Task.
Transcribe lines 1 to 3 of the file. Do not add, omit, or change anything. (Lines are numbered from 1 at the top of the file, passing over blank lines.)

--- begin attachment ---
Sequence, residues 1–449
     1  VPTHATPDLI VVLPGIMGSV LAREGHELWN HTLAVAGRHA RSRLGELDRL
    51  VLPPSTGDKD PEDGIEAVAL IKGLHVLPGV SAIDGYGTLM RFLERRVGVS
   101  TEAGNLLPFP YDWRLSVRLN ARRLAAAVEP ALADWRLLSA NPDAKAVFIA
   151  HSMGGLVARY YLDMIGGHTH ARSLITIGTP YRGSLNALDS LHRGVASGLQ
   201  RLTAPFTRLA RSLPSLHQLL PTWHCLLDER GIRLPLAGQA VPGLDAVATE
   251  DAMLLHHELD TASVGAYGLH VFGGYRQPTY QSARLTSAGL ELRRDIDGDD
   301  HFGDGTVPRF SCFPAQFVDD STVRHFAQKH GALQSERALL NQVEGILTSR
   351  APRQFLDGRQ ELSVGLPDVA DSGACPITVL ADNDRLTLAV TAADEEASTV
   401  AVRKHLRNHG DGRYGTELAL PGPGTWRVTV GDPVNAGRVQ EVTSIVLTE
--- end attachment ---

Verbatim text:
Sequence, residues 1–449
     1  VPTHATPDLI VVLPGIMGSV LAREGHELWN HTLAVAGRHA RSRLGELDRL
    51  VLPPSTGDKD PEDGIEAVAL IKGLHVLPGV SAIDGYGTLM RFLERRVGVS